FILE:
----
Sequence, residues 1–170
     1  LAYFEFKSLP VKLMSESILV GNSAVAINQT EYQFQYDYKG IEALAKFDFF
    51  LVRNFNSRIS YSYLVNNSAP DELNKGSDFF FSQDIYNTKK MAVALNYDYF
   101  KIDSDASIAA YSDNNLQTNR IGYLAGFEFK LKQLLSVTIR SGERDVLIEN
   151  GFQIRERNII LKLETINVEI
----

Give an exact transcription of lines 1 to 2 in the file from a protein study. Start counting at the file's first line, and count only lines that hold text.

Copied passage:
Sequence, residues 1–170
     1  LAYFEFKSLP VKLMSESILV GNSAVAINQT EYQFQYDYKG IEALAKFDFF